Recent encouragements to integrate and leverage consumer [patient] generated data in the world of healthcare poses a unique threat to patient privacy that isn’t addressed nearly enough. According to the 2021 healthcare trends report published by Apploi, said patient data would be collected via monitoring devices installed in homes, on smartphones, in public places, and healthcare facilities that would have the capability to regularly record and upload patient data that would get sent to providers. As the dependence on digital health increases, so do the barriers that will need to be addressed which include: unreliable access to the internet, privacy, and the cost affordability of remote monitoring devices. Although there are many concerns when it comes to privacy, interoperability and data silos are the two that would need to be most urgently addressed. The major shift that our healthcare system recently underwent to truly embrace technology significantly increases the potential for patient data leaks; however, one company at the forefront of privacy security innovation has offered some potential solutions.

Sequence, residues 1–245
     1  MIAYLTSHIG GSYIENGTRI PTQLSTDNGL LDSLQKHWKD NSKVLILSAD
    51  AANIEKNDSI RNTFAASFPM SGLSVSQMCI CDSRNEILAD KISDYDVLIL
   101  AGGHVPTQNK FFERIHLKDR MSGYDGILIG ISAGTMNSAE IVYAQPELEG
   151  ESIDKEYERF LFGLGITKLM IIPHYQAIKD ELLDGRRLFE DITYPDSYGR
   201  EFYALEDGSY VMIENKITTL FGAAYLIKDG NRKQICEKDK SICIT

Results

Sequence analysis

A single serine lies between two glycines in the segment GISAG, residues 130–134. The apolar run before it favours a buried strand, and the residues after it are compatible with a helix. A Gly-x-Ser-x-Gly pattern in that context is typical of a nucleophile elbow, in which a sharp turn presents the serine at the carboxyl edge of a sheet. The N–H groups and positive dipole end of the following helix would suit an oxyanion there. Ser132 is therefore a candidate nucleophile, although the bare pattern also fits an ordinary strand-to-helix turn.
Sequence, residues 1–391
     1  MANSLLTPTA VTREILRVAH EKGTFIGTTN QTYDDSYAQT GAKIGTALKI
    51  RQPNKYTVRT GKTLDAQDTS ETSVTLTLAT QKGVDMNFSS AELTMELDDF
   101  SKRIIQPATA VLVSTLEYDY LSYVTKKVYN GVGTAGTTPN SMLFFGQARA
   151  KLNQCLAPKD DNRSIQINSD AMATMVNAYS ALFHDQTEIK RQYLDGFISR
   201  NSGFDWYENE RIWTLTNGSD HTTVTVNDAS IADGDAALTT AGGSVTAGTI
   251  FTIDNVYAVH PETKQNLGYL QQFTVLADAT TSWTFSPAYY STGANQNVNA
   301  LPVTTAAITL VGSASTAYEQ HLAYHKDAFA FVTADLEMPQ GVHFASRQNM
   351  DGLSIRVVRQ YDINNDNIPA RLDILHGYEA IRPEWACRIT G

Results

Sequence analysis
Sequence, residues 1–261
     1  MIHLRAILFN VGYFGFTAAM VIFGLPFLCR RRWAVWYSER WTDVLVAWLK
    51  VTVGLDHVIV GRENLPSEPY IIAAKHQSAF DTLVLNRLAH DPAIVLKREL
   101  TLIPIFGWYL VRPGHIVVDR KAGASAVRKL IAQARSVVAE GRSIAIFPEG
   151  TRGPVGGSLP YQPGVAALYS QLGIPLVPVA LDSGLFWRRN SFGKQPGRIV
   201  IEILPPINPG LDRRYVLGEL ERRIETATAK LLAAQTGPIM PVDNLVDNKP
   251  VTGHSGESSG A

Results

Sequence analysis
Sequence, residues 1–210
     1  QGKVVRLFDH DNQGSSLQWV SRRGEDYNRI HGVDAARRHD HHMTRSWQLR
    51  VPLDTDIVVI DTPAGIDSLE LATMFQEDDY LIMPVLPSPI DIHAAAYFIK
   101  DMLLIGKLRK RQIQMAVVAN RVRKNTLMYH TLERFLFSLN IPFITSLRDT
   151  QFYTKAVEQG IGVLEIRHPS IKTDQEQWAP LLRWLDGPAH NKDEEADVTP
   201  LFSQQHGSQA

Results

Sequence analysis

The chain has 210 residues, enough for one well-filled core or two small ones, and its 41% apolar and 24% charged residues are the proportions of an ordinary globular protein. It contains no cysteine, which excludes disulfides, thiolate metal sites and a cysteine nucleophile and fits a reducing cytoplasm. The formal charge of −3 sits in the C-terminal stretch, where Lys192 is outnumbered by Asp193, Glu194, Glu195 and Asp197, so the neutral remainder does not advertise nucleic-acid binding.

Apploi may primarily serve as the world’s easiest high-volume recruitment platform, but that certainly didn’t let that stop them from coming up with potential resolutions for data silos and interoperability. As published in their 2021 report, Apploi announced their recognition that what society needs is not another data silo but a truly interconnected solution that pulls in data from a variety of sources in order to further preventive health. Of course recognition is in no means a permanent solution, but any step in the right direction is an important one in this case. Interoperability concerns could very easily be resolved with on the job training, especially since healthcare professionals would have the continued support of augmented intelligence (AI) technology to ease the transition. The statement recently published by Apploi may not address every single one of the issues presented by the ever growing sources of devices capable of uploading personal data, but they certainly take the initiative to provide solutions where they can.
Apploi is one of a scarce few companies to put in the work to back up the beliefs on which they are based. In the 2021 report, John Nosta of the Google Health Advisory Board and WHO Technology perfectly summarizes the institution as one in the business of “creating a reality in which clinician and machine are inexorably connected for the benefit of humankind.”